Rosie's aim: Bring variety format back to prime time
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TV's variety show genre basically dried up after the 1970s, and although some recent reality competitions -- "Dancing With the Stars," "American Idol," "America's Got Talent" -- share some DNA with variety shows, few celebrities have attempted a variety show revival.
Rosie O'Donnell has been trying to launch a live, prime-time variety show since 2002 and tomorrow on NBC, she'll accomplish that goal.
"It's 'Carol Burnett' meets 'Ed Sullivan,' 'Sonny and Cher,' 'Donny and Marie,' all rolled into one," O'Donnell said in a conference call with reporters last week. "Rosie Live" will feature song-and-dance routines, live from a Broadway theater, with some comedy segments as well. Scheduled guest stars include Alec Baldwin, Kathy Griffin, Jane Krakowski, Alanis Morissette, Ne-Yo, Gloria Estefan and Liza Minnelli, who will sing the show's opening number with O'Donnell.
- When: 8 p.m. tomorrow, WPXI
"It's going to be a song you haven't heard her sing in about 30 years, and it's a song that I grew up singing very loud on the shag rug in my living room, pretending to, you know, be her friend and dance with her," O'Donnell said. "And now the dream is coming true 30 years later."
Although O'Donnell is most recently remembered for the opinions she espoused during a yearlong stint on ABC's "The View," "Rosie Live" will share more in common with "The Rosie O'Donnell Show," the daytime chat show that aired from 1996-2002. Her goal for "Rosie Live": "To give people an hour to forget about their troubles, to have an hour of fun, laughter and singing and dancing, no politics, no arguing, no talking about controversial things.
"There's not going to be a production number about torture," she quipped.
O'Donnell thinks the timing may be right for a variety show comeback because, just as during their '70s heyday, the economy is in turmoil. She also sees the pure variety format as an antidote to reality competition series in prime time, which she considers "The Gong Show" of the variety genre.
"To me there's nothing fun about gonging someone who is actually really trying," she said. "There's nothing fun about the audition segments of 'American Idol' to see people brought to tears and humiliated."
If "Rosie Live" is successful in the ratings this week, she said NBC has the option of picking the show up in batches of six weeks of episodes, beginning as early as late January.
On the same call, O'Donnell answered questions about her tenure on "The View," which ended after an on-air fight with Elisabeth Hasselbeck over O'Donnell's contention that Hasselbeck failed to defend O'Donnell over media characterizations of some of her comments on the chat show. O'Donnell said "View" host/executive producer Barbara Walters "wants everyone to believe and think and act as if everybody gets along and is really good friends and happy and hangs out together.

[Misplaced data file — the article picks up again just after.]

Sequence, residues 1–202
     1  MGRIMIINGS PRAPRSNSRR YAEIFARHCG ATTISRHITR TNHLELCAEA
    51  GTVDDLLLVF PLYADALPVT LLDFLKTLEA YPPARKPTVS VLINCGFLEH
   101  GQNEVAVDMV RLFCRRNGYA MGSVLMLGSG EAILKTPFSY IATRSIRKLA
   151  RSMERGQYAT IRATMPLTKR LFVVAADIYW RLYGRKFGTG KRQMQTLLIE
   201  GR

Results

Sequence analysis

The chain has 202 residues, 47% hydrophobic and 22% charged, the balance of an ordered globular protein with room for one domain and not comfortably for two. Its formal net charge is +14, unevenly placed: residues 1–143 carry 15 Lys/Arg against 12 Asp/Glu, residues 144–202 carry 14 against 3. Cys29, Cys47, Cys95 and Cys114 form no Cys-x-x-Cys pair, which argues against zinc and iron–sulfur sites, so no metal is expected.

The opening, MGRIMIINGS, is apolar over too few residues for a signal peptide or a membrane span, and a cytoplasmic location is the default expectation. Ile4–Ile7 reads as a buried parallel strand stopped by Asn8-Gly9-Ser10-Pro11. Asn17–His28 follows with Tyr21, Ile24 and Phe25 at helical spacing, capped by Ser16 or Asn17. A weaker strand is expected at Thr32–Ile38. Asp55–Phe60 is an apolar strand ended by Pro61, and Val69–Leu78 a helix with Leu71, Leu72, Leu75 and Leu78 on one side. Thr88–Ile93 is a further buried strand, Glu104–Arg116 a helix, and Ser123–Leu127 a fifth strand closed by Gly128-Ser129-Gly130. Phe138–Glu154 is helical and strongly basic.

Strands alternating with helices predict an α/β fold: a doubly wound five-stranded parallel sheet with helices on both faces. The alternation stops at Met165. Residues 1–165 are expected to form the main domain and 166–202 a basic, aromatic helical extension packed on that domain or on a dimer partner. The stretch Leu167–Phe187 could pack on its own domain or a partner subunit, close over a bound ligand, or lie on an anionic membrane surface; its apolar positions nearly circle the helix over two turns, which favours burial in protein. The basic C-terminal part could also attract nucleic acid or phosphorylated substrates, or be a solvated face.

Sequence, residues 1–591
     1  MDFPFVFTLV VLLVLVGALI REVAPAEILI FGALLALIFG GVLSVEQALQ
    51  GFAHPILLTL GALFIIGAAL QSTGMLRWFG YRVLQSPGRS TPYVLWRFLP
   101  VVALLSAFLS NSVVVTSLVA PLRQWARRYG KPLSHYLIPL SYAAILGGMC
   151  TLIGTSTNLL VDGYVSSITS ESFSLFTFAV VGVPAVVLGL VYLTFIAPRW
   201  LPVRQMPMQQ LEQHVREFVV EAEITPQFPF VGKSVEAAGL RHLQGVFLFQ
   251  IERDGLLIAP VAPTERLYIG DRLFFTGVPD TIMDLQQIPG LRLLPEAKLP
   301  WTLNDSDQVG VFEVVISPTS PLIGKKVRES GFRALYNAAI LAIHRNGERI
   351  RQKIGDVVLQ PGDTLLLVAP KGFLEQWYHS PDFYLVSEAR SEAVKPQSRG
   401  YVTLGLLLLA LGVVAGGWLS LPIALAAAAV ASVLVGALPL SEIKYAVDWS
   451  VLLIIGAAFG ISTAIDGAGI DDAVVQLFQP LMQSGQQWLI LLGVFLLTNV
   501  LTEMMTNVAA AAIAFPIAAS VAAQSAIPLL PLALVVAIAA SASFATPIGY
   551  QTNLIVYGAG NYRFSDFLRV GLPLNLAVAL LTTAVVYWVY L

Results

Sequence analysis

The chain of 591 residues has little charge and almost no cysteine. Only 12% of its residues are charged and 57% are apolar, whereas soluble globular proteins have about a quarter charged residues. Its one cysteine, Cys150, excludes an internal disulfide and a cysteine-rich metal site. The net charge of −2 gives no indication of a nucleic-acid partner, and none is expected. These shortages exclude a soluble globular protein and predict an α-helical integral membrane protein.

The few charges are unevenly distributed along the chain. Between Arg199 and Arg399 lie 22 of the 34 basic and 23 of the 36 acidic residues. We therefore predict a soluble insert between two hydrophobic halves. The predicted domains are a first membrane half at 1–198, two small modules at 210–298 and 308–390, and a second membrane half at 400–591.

"It's just not the reality," O'Donnell said. "I'm not saying that they loathe each other. But the fact is there wasn't a lot of camaraderie off-camera there. ... And that's not saying that you can't work with people and have a relationship that" is somewhat contentious.
The day after the O'Donnell teleconference last week, Walters used her bully pulpit of "The View" to respond: "There are some people who have done this show and then for years feel they have to dump on it, maybe for publicity, and that not only hurts me, but I resent it."
It's probably a safe bet that Walters won't show up on "Rosie Live" tomorrow, and O'Donnell doesn't plan to invite celebrities with a new film/book/CD/TV show to promote, either.
"We're booking people who are friends, who want to come play and have fun," she said. "It's not a promotional vehicle. I find that the shows that do have celebrities now, you find the same interview rehashed over and over."
This first "Rose Live" won't feature sketches like Burnett's "Mama's Family." Instead Krakowski and Griffin will participate in prepared comedic banter.
With "30 Rock" stars Baldwin and Krakowski visiting "Rosie Live," O'Donnell said she'd be game to return the favor and appear on the NBC sitcom.
"I would do anything because I think ['30 Rock' star Tina Fey] should be given some sort of Nobel Peace Prize for her Palin impression, which I think helped Obama win," O'Donnell said. "She's probably done the most for the nation of any female comic in the history of the world."
One guest who's unlikely to ever make an appearance on "Rosie Live"? Donald Trump.
"I know they say, 'Never say never,' but as far as my show is concerned, I think we can adequately and accurately say never," she said.
O'Donnell and Trump have slammed each other in the media in recent years.
"He is going to exist in his world and, you know, throw mud at me when he needs to," O'Donnell said. "And I will smile and wink and throw some back. And that's going to be that.
"The great part about having a celebrity fight is that your publicists really get to do it for you. You never have to interact with the human being you're having the feud with."